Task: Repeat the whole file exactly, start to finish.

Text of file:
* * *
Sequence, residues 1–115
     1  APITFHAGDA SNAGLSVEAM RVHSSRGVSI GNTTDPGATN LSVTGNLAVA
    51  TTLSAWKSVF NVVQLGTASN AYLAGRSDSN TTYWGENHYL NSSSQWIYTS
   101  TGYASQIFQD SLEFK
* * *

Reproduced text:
Sequence, residues 1–115
     1  APITFHAGDA SNAGLSVEAM RVHSSRGVSI GNTTDPGATN LSVTGNLAVA
    51  TTLSAWKSVF NVVQLGTASN AYLAGRSDSN TTYWGENHYL NSSSQWIYTS
   101  TGYASQIFQD SLEFK